Biogeographic patterns and large-scale genetic structure have been little studied in ectomycorrhizal fungi, despite the ecological and economic importance of ectomycorrhizal symbioses. We coupled population genetics and phylogenetic approaches to understand spatial structure in fungal populations on a continental scale. Using 9 microsatellite markers, we characterised gene flow among 16 populations of the widespread ectomycorrhizal basidiomycete Laccaria amethystina over Europe (over 2900km). We also widened our scope to two additional populations from Japan (104 km...

Data from: Male-female coevolution in the wild: evidence from a time series in Artemia franciscana

Nicolas Olivier Rode, Anne Charmantier & Thomas Lenormand
Sexual conflicts are ubiquitous in nature and are expected to lead to an antagonistic coevolution between the sexes. This coevolutionary process is driven by selection on sexually antagonistic traits that can either be directional or fluctuating. In this study, we used dormant cysts of Artemia franciscana, collected in the same population in three different years over a 23-year period (corresponding to ~160 generations in this system), to investigate male-female coevolution in natural conditions over time....

Data from: Genetic structure in a dynamic baboon hybrid zone corroborates behavioral observations in a hybrid population

Marie J.E. Charpentier, Michael C. Fontaine, Julien P. Renoult, Thomas Jenkins, Erwan Cherel, Laure Benoit, Nicolas Barthès, Susan C. Alberts & Jenny Tung
Behavior and genetic structure are intimately related: mating patterns and patterns of movement between groups or populations influence the movement of genetic variation across the landscape and from one generation to the next. In hybrid zones, the behavior of the hybridizing taxa can also have an important impact on the incidence and outcome of hybridization events. Hybridization between yellow baboons and anubis baboons has been well-documented in the Amboseli basin of Kenya, where more anubis-like...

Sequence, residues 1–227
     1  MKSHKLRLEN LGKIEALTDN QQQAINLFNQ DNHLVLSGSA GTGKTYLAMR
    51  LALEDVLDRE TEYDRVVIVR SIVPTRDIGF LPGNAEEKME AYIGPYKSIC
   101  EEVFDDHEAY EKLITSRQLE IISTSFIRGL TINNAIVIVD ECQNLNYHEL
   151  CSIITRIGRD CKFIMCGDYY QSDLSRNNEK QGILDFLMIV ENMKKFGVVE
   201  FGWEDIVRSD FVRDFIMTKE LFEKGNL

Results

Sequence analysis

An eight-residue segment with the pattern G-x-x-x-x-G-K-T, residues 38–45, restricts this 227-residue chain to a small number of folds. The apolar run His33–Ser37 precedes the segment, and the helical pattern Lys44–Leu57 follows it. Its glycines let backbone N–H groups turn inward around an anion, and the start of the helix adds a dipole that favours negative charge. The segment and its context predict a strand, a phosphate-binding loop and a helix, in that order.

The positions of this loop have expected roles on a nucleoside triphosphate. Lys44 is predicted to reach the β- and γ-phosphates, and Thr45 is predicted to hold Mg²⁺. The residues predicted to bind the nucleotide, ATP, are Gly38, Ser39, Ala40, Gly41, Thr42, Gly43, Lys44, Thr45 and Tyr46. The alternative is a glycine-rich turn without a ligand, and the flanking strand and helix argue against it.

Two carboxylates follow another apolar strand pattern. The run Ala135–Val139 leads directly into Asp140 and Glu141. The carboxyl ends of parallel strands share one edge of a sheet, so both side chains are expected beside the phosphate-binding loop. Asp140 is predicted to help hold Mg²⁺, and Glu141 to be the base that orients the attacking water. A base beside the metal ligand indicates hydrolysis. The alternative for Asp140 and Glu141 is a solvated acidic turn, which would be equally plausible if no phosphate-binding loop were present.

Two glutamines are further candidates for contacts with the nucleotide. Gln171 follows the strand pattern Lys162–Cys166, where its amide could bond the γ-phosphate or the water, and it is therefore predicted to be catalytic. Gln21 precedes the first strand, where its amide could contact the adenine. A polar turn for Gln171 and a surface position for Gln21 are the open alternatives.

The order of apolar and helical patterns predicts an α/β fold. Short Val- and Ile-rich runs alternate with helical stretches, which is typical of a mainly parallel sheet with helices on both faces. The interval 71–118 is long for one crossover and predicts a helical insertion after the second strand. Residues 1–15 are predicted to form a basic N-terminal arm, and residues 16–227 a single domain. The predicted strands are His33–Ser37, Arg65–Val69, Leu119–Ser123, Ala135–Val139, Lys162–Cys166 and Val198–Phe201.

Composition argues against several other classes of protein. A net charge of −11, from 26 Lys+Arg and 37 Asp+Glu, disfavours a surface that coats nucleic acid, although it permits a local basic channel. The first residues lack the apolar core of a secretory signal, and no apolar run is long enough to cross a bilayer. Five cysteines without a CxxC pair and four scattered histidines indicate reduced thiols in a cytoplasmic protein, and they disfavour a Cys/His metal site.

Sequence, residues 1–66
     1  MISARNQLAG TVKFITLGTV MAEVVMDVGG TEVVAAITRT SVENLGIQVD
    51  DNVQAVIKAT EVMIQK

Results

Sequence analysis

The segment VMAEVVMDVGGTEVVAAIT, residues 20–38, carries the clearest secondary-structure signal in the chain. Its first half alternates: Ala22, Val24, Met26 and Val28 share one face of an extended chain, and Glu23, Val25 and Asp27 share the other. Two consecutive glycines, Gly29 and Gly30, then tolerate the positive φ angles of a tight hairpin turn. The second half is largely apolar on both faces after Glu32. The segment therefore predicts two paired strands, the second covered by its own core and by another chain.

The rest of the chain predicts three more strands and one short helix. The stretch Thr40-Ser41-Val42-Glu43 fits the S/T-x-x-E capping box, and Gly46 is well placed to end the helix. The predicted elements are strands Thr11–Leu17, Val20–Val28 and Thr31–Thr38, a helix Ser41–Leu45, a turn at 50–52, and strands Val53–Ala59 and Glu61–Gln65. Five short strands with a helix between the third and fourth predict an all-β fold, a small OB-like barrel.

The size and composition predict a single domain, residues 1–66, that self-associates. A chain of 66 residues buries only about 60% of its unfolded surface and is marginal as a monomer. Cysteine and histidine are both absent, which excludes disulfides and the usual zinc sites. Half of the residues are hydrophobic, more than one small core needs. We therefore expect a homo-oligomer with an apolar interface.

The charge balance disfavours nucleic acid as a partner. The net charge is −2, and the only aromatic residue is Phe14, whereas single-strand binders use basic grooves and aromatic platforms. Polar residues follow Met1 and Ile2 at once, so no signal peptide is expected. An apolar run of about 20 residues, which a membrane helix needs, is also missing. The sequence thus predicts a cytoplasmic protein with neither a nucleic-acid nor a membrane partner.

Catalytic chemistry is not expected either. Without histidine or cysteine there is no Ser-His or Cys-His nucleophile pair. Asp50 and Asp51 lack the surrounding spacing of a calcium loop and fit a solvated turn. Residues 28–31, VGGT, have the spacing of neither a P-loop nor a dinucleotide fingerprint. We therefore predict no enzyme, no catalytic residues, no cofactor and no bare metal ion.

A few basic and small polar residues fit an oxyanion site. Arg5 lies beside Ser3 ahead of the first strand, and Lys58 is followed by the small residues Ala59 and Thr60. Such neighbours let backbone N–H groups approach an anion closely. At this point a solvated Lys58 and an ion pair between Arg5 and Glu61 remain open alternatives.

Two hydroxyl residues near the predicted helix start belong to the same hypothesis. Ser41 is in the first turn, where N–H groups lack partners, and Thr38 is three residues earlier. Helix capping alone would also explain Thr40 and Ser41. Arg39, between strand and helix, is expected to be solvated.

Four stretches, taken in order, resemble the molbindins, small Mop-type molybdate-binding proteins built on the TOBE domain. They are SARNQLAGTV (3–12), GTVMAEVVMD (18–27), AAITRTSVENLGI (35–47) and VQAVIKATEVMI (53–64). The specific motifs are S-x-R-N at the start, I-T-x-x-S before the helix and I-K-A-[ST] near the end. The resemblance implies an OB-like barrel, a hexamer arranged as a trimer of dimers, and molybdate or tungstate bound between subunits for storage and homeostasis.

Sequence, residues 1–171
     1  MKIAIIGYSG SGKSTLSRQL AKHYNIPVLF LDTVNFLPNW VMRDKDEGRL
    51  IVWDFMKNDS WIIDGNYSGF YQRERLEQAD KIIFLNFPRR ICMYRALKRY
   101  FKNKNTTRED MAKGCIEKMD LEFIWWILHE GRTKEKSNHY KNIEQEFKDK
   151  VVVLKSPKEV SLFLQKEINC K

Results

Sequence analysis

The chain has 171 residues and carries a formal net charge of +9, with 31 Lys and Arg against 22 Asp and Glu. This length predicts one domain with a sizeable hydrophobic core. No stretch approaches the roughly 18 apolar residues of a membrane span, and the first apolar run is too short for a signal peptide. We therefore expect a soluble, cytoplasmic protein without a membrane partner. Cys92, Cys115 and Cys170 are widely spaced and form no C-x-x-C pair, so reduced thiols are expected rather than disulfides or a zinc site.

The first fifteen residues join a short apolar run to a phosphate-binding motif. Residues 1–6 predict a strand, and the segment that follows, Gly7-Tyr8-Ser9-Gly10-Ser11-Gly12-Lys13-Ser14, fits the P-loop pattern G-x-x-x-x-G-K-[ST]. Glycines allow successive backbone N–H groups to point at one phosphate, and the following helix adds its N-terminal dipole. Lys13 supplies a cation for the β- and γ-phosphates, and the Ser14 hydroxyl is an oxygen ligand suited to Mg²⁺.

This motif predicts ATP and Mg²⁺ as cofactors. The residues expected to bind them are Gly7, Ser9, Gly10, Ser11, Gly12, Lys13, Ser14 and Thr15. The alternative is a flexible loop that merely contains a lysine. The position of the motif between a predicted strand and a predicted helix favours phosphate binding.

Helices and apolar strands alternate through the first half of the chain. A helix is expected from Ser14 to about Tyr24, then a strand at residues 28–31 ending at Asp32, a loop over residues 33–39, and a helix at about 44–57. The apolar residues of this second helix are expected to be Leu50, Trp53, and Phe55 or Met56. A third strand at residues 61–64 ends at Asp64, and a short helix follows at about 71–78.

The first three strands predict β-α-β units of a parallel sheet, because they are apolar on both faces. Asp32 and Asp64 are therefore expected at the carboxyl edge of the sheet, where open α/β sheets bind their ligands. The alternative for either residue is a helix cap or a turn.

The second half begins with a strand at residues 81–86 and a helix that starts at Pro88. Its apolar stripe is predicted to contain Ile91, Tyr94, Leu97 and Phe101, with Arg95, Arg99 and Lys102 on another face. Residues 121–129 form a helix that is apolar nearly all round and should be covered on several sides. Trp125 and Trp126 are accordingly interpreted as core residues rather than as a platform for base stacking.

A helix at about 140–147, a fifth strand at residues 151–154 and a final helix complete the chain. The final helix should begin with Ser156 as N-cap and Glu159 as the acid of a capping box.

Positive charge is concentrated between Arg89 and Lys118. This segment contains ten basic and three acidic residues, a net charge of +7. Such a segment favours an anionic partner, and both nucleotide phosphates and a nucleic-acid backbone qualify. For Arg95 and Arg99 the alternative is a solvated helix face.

Data from: Assessing adaptive phenotypic plasticity by means of conditional strategies from empirical data: the Latent Environmental Threshold Model

Mathieu Buoro, Olivier Gimenez & Etienne Prévost
Conditional strategies are the most common form of discrete phenotypic plasticity. In a conditional strategy, the phenotype expressed by an organism is determined by the difference between an environmental cue and a threshold, both of which may vary among individuals. The Environmental Threshold model (ETM) has been proposed as a mean to understand the evolution of conditional strategies, but has been surprisingly seldom applied to empirical studies. A hindrance for the application of the ETM...

Data from: Abiotic heterogeneity drives parasite local adaptation in coevolving bacteria and phages

Angus Buckling, Laura Lopez Pascua & Sylvain Gandon
Spatial abiotic heterogenity can result in divergent selection, hence might increase the magnitude of host-parasite local adaptation (the mean difference in fitness of sympatric versus allopatric host-parasite combinations). We explicitly tested this hypothesis by measuring local adapation in experimentally coevolved populations of bacteria and viruses evolved in the same or different nutrient media. Consistent with previous work, we found that mean levels of evolved phage infectivity and bacteria resistance varied with nutrient concentration, with maximal...

Registration Year

  • 2011

Resource Types

  • Dataset


  • Centre d'Ecologie Fonctionnelle et Evolutive
  • Field Museum of Natural History
  • Duke University
  • University of Minnesota
  • University of Pittsburgh
  • Dalhousie University
  • East Carolina University
  • Simon Fraser University
  • Office National de la Chasse et de la Faune Sauvage
  • Université de Yaoundé I